Download (direct link):
Registration: If you want junk mail from Microsoft, click Yes. Otherwise click No for this optional item.
Users: Type the names of people who will be using your computer, starting with your own name at the top. Nobody else using it? Then just type your own name and click Next.
If you're confused about any of these items, click the Help button at the screen's bottom.
You 're through! And if you've made a mistake with any of these options, you can change them by using the Control Panel, described in Chapter 14.
By typing in a secret password when logging on, as shown in Figure 4-2, you enable your computer to recognize you and nobody else. If you protect your user name with a password, nobody can access your files (except for the computer’s administrator, who can peek into anything— and even wipe out your account).
A Depending on your network’s size and level of security, a password can let you do many things. Sometimes, entering the password merely lets you use your own computer. Other times, it lets you share files on a network of linked computers.
Chapter 4: Starting Windows XP
By using a password, you ensure that nobody else can access your files.
A Because networks can be notoriously difficult to set up and figure out, most networked offices have a full-time network administrator who tries to make the darn thing work. (That’s the person to bug if something goes wrong.)
A Windows XP needs at least one person to act as administrator even if your computer isn’t connected to other computers. Only an administrator may set up new accounts for new users, install programs, and access all the files on the computer—even those of other users. Head to Chapter 9 if you care about this stuff.
A Don’t have a password? After you log on, click the lime-green Start button, click Control Panel, and click the User Accounts icon. Click the words Create a Password and type in a password that will be easy for you—and nobody else—to remember. Type the password again in the second box, and, in the third box, type a hint that reminds you of your password. Click the Create Password button, and Windows XP will ask for your password the next time you try to log on. (If you’re the administrator, you must first choose an account and then select the Create a Password option.)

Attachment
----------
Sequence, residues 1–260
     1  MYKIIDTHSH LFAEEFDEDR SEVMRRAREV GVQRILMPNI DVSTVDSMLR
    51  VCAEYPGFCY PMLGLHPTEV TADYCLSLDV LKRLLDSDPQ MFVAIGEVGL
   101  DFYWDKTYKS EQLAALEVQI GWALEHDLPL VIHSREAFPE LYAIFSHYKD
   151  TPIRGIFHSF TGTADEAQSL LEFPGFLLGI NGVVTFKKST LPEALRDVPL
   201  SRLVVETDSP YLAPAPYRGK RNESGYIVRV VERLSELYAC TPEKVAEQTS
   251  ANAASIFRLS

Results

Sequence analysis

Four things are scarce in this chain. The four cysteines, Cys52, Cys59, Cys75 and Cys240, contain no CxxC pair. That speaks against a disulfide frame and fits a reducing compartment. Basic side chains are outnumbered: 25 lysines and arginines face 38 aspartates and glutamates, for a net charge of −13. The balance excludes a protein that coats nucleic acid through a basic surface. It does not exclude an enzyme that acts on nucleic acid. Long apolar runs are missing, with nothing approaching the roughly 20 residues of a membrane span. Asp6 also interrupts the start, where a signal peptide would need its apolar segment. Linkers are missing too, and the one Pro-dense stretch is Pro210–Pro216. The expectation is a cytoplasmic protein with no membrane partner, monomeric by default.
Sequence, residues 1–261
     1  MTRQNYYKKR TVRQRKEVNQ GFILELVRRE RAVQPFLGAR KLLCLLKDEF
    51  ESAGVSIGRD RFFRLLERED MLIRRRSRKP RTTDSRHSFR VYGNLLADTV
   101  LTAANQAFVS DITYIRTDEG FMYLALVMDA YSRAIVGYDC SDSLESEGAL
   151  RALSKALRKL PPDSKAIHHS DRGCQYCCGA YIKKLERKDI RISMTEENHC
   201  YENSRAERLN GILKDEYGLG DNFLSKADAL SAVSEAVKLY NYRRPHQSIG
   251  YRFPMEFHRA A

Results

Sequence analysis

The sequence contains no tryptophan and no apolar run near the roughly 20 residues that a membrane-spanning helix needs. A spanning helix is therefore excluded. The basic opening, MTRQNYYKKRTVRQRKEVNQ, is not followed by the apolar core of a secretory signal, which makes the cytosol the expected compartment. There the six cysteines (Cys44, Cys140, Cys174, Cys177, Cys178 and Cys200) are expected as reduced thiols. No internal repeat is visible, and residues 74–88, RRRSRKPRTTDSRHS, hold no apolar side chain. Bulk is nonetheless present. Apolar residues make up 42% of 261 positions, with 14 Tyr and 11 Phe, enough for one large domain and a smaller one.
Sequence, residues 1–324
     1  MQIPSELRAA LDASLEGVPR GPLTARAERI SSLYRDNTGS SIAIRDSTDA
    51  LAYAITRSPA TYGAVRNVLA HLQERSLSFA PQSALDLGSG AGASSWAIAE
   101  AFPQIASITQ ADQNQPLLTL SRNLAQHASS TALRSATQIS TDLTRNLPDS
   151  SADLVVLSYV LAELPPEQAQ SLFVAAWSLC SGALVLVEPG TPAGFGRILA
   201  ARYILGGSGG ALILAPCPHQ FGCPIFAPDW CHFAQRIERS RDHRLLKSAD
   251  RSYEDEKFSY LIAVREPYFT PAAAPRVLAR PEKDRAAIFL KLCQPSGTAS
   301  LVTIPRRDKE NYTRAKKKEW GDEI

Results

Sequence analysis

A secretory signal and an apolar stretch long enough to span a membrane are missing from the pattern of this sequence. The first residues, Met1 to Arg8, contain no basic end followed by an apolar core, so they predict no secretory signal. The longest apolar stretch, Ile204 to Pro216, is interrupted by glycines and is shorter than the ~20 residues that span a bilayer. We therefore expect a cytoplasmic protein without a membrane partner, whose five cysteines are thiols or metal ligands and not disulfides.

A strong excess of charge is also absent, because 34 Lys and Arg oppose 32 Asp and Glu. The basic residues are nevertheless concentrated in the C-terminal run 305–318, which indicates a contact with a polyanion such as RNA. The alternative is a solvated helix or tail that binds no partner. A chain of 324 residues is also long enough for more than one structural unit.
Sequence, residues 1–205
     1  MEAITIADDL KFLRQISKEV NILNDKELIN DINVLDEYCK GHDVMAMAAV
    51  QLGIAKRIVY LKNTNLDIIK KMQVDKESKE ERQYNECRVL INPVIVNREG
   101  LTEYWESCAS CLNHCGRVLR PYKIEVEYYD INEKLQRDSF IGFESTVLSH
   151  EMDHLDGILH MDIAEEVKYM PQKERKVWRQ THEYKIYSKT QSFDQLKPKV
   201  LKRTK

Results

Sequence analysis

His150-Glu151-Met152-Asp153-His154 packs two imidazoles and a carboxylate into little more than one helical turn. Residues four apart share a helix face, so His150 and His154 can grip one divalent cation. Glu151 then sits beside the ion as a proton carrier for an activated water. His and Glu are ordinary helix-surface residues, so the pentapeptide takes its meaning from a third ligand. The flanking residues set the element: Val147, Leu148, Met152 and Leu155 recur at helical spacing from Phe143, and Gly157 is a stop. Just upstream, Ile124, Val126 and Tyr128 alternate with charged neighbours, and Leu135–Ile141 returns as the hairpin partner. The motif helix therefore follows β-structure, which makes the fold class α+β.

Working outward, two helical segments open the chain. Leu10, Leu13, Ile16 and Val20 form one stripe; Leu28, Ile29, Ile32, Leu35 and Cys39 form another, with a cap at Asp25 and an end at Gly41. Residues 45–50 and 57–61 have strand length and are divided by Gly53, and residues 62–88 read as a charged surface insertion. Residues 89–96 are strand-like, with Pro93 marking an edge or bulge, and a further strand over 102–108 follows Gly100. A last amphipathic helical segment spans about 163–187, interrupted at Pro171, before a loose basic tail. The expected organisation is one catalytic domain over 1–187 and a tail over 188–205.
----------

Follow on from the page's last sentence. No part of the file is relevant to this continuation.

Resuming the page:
A Have you forgotten your password already? Click the little question mark shown in Figure 4-2 that appears whenever you click your user name. A hint will appear, reminding you of your password. (That’s why it’s important to type a good hint when creating your password.) And beware—anybody else can read your hint, so make sure it’s something that only makes sense to you.
A Keep your password short and sweet: the name of your favorite vegetable, for example, or the brand of your dental floss. (See your network administrator if Windows XP doesn’t accept your password. He or she can always let you back in.)
Chapter 4: Starting Windows XP
A Passwords are case-sensitive. That means that the password caviar is different from Caviar. The computer notices the capital C, and considers caviar and Caviar to be two different words.
Make Windows stop asking me for a password!
Windows asks for your name and password only when it needs to know who's tapping on its keys. And it needs that information for any of these three reasons:
A Your computer is part of a network, and your identity determines what goodies you can access.
A The computer's owner wants to limit what you can do on the computer.
A You share your computer with other people, and each person wants to customize how Windows XP looks and behaves when he or
she logs on.
If you're not working on a network, disable the network password request by double-clicking the Control Panel's User Accounts icon and choosing Remove My Password.
Now, Windows XP will never ask for a password again. However, anybody can now log onto the computer using your name and access (or destroy) your files. If you're working in an office setting, this lack of security can get you into some serious trouble. If you've been assigned a password, it's better to simply get used to it.
Starting your favorite program With the Start button
When Windows XP first takes over your computer, it turns your screen into a pseudo-desktop: a fancy name for a plate of buttons with labels beneath them. Click a button, and the program assigned to that button hops to the screen in its own little window. Click the Start button in the bottom-left corner of the screen, and you’ll have even more buttons to choose from, as shown in Figure 4-3.
Because the buttons have little pictures on them, they’re called icons. Icons offer clues to the programs they represent. Click an icon, and its program pops to the screen, ready for work. Click the icon of the stamped envelope, for instance, to launch Outlook Express, a program that lets people send and receive electronic mail on their computers.
Click the big blue “e,” and Internet Explorer arrives, ready to prowl the Internet. The programs used most often (the list changes as your program usage changes) usually appear below the Internet Explorer and Email icons.